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Traveling With Firearms: How Buffalo Meat Got My Guns Back
I know some serious hunters who have never gone to Africa because they fear an infernal web of rules and regulations that will get their firearms confiscated and them thrown in jail where they will be beaten twice a day until they die. In the past 28 years, I’ve been to 6 African countries and can tell you that traveling with guns there is much easier than traveling with guns here.
Two years ago, while in the process of departing from Johannesburg Airport for the U.S., a friend of mine showed up at the first security checkpoint with a full box of ammunition in his carry-on bag. If that had happened at, say, JFK International in New York, he would have been shot dead at the most, or detained for questioning for several days at the least.
As it was, the young lady who was doing the checking said: “This is a very serious matter, sir. You could go to prison for this."
“Gee,” said my friend, “can’t we do something else?”
“Well, you can throw it in the trash can.”
And that was the end of the matter.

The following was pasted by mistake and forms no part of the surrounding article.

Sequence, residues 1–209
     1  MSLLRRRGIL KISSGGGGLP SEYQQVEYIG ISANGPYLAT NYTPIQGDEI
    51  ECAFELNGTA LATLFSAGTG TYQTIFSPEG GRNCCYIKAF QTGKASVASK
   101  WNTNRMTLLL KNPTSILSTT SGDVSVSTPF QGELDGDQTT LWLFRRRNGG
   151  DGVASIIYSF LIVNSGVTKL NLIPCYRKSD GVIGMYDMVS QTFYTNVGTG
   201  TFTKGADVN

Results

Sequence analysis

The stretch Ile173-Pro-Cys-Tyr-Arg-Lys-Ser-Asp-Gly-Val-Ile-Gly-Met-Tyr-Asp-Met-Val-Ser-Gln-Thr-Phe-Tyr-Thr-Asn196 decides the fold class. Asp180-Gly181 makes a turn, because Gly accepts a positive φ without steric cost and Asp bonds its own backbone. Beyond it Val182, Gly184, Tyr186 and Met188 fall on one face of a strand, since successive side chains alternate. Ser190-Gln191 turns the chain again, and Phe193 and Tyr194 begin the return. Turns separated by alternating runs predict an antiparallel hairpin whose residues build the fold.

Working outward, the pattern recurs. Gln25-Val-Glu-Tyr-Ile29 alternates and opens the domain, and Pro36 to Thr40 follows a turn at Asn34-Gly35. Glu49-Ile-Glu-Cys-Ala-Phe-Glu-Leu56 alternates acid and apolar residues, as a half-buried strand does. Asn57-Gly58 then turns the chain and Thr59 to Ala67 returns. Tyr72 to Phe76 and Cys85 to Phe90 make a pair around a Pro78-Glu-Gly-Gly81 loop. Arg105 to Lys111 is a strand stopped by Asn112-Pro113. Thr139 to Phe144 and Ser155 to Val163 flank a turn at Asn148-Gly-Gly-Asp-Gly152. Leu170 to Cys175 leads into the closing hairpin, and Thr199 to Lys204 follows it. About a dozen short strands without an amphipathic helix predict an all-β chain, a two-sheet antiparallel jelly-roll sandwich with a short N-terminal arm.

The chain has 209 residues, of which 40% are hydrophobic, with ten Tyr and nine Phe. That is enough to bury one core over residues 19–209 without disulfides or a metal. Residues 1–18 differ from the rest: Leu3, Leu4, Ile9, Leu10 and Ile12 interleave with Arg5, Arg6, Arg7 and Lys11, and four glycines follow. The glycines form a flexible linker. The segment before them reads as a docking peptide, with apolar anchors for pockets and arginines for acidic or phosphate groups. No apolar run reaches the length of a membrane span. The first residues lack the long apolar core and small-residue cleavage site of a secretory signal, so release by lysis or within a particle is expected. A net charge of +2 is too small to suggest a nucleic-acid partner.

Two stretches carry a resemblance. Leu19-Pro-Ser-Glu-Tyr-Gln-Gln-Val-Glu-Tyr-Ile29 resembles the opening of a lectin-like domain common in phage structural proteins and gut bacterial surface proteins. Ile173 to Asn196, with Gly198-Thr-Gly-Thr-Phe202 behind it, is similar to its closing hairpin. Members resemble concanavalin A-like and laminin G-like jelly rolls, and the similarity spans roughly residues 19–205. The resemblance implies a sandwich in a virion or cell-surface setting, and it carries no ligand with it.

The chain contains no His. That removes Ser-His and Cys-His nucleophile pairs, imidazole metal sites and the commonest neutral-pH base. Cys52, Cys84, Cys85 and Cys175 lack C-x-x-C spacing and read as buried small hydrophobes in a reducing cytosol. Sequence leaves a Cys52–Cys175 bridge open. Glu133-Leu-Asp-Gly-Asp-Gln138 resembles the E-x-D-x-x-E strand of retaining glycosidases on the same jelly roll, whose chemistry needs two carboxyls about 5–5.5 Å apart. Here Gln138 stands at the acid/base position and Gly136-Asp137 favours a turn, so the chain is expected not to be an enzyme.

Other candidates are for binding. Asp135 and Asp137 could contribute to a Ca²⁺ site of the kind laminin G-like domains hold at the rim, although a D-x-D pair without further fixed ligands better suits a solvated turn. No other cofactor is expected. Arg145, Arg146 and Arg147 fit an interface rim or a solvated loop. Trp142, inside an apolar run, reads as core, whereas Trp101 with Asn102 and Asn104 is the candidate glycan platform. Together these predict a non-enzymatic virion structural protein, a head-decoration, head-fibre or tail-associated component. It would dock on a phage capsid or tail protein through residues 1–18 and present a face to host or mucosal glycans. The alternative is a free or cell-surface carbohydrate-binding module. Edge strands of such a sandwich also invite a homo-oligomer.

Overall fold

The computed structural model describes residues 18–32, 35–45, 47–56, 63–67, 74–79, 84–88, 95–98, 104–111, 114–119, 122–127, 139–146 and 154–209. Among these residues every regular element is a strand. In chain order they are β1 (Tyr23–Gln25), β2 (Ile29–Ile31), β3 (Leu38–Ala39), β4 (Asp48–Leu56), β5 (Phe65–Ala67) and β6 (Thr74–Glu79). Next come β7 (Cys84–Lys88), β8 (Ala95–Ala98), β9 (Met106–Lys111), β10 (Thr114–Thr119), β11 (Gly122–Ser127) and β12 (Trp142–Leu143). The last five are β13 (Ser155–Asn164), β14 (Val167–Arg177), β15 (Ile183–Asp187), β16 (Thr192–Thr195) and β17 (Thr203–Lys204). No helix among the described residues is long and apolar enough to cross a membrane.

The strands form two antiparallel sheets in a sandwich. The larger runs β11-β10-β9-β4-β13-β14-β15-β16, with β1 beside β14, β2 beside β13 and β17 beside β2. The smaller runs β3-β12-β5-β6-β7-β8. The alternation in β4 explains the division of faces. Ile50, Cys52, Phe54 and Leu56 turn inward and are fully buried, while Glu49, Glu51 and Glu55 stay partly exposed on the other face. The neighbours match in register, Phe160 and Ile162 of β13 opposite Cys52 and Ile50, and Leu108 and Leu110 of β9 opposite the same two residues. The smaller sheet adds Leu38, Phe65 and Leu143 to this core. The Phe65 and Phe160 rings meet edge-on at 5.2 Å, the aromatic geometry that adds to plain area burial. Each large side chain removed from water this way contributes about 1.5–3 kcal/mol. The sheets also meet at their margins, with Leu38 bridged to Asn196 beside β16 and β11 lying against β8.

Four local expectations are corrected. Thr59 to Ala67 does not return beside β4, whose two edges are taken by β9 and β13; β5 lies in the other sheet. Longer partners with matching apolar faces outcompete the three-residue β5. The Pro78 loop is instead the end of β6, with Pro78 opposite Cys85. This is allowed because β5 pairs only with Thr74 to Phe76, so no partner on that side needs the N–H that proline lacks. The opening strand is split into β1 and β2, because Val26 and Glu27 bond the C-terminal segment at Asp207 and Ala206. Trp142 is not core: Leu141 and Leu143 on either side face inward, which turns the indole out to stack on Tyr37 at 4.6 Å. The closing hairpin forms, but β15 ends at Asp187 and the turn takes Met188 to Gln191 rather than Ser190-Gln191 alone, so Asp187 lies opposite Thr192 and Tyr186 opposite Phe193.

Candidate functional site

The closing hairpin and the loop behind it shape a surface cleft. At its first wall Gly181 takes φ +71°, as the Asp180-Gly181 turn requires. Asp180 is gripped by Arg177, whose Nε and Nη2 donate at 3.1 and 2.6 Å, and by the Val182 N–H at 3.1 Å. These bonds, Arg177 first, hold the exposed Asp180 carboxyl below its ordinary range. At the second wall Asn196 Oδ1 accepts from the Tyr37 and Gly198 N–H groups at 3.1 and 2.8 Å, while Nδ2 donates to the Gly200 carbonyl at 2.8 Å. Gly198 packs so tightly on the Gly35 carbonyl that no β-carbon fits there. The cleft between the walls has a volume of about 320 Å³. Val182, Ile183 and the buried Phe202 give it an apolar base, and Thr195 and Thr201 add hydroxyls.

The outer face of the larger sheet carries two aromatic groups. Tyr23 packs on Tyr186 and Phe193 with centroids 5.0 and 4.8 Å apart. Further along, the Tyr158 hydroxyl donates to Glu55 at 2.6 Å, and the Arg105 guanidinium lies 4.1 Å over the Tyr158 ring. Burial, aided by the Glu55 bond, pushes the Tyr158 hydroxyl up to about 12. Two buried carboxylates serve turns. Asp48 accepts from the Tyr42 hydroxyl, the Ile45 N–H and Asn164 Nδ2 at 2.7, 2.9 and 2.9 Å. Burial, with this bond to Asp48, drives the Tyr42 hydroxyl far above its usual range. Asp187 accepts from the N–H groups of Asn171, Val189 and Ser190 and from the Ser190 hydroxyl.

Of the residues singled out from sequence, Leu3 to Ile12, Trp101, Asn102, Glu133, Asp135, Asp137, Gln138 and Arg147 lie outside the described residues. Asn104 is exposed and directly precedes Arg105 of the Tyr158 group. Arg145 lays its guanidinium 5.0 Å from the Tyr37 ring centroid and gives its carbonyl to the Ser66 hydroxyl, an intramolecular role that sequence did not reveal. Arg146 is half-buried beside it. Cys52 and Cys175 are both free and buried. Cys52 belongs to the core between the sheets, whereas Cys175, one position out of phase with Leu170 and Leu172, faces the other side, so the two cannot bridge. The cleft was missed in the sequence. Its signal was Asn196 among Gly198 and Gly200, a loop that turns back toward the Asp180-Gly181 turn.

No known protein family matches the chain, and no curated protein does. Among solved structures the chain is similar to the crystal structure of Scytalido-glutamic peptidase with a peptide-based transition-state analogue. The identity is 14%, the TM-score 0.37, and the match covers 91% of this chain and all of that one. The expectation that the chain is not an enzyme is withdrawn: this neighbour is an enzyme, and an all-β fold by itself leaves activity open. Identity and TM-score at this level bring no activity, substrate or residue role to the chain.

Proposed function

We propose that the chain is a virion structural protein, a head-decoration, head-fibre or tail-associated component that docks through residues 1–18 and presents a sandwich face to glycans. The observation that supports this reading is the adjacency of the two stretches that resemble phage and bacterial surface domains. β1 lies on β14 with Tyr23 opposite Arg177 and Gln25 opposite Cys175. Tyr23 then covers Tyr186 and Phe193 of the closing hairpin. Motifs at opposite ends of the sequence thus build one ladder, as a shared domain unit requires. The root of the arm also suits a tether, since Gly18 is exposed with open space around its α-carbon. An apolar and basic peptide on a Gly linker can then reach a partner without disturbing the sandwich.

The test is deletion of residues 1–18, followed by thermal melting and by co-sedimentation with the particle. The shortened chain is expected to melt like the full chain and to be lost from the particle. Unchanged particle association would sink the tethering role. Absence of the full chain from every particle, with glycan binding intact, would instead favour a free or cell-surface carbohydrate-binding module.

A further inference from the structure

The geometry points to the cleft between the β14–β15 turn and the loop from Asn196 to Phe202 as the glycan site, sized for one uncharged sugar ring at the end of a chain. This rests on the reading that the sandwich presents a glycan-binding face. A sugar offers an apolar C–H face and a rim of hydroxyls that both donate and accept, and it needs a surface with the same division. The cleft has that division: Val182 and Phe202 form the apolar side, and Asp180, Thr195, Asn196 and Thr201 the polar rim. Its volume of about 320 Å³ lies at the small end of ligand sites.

(Just a few moments prior to that, a security agent had pulled me out of line and sent me on to the next station. “No one as old as you is going to make any trouble,” he said.)
But I digress.
In 1981 I went to Zambia for the first time and landed at Lusaka airport, blissfully unaware that I needed an import permit for my two rifles and ammo, and that it had to be filled out in advance of my arrival. The safari company had screwed up.
If I had tried to enter the U.S. in 1981 with two illegal guns and ammo, I would have been arrested. (Today I would mysteriously disappear.) But the airport official who was in charge of guns said, “We’ll lock them up until you can get a permit.”
“Apoplectic” hardly begins to describe my state of mind. I was foaming at the mouth.
Ranting and raving, I went to see David Ommanney, the legendary PH who was in charge of this company’s operations, and he told me to calm down, that tomorrow we’d go and see the head of Zambian state police, and I would get my permit.
And we did. The Main Cop was a Colonel M., and David explained that through no fault of mine my guns had been impounded at the airport and that I would be unable to make this safari, on which I had spent my life savings.
“What will you be hunting?” asked Colonel M.
“Buffalo,” said I.
“There is a great deal of meat on a buffalo,” said Colonel M.
“More than we can possibly use,” said David Ommanney. “Would you like some?”
Colonel M. smiled. David Ommanney smiled. I smiled.
I got my import permit in 2 minutes and 31 seconds, and Colonel M. eventually got two 50-pound sacks of dried buffalo meat, or biltong, which at the time was worth more in Zambia than kwatcha or ngwee, which is Zambian currency.
I had a great safari, tsetse flies notwithstanding, and left Zambia filled with good feelings toward its people and Colonel M. in particular. When I returned in 1987, I had my import papers all filled out before I set foot off the plane.